Chickpea markets maintain tone for another week as growers start to hit fields, and harvest cereals and lentils. Desiccation is expected in the later part of August with harvest early September. Growers are reporting lower than expected yields and also some concern over disease throughout Western Canada. It is still expected to be a better year than last year, but nothing is certain on how much better. The overseas markets are quiet; Turkey harvest is reported to be a little less than average production, but good quality. Not a lot of news out of Russia on their crop, which could be a game changer if they are selling into the market. The North American market is the highest offer today, so buyers will likely source elsewhere if Turkey and Russia are lower. US crops are reporting good growing conditions in the Northwest, which again puts pressure on Canadian pricing. Old crop bids for #2 Kabulis range from $0.44-.46/lb FOB farm and new crop is at par with that. Some buyers will still offer an AOG on acres if that is of interest. Feed and sample markets are valued at $0.25-0.30/lb depending on downgrading factors.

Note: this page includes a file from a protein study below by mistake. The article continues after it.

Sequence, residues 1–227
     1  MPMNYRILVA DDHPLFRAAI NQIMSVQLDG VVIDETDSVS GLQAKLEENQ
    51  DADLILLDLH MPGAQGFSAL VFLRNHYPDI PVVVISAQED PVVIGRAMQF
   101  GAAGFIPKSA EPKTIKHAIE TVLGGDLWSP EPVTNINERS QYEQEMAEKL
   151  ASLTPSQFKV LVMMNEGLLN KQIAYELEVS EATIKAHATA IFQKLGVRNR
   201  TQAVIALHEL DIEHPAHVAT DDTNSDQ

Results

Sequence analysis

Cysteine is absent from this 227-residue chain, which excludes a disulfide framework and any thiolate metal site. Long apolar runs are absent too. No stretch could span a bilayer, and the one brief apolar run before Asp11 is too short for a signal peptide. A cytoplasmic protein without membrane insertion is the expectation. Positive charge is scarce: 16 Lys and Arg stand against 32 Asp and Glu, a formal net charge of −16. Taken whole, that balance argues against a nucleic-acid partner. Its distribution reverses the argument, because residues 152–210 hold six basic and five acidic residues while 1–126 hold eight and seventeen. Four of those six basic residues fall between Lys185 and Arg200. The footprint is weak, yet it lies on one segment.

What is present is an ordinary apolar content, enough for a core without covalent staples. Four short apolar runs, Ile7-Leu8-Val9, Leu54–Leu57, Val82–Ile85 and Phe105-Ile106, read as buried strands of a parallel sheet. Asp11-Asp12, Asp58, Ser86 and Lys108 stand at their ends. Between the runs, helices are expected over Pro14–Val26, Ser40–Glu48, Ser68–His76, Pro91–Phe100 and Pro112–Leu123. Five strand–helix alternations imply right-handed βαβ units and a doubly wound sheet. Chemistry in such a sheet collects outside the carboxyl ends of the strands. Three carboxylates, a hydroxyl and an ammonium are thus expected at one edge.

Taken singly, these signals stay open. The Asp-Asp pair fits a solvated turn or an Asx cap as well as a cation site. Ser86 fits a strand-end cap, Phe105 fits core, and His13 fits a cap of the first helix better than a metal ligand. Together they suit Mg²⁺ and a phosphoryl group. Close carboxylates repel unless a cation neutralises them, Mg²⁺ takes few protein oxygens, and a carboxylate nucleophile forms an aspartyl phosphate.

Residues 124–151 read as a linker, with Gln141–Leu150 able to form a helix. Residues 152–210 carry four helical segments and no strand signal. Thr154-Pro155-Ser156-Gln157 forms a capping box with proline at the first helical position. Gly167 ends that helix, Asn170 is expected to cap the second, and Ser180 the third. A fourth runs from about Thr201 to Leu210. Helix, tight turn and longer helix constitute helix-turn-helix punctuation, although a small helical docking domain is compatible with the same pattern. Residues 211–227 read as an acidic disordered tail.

Canaryseed exports continue to maintain a steady tone and even above average, with demand strongest out of Mexico. StatsCan has attributed these, “additional bushels,” as a misreported carry from previous years, and note the level of today’s bids are pulling out bushels that have been sitting in the bin for several years. Sask Ag reports crop conditions as 67% good/excellent. If exports remain strong, the floor of canary should not see a typical harvest dip and might even have a potential uptick in the 4th quarter to support demand. Current crop values are $0.40/lb FOB farm for both old and new crop markets.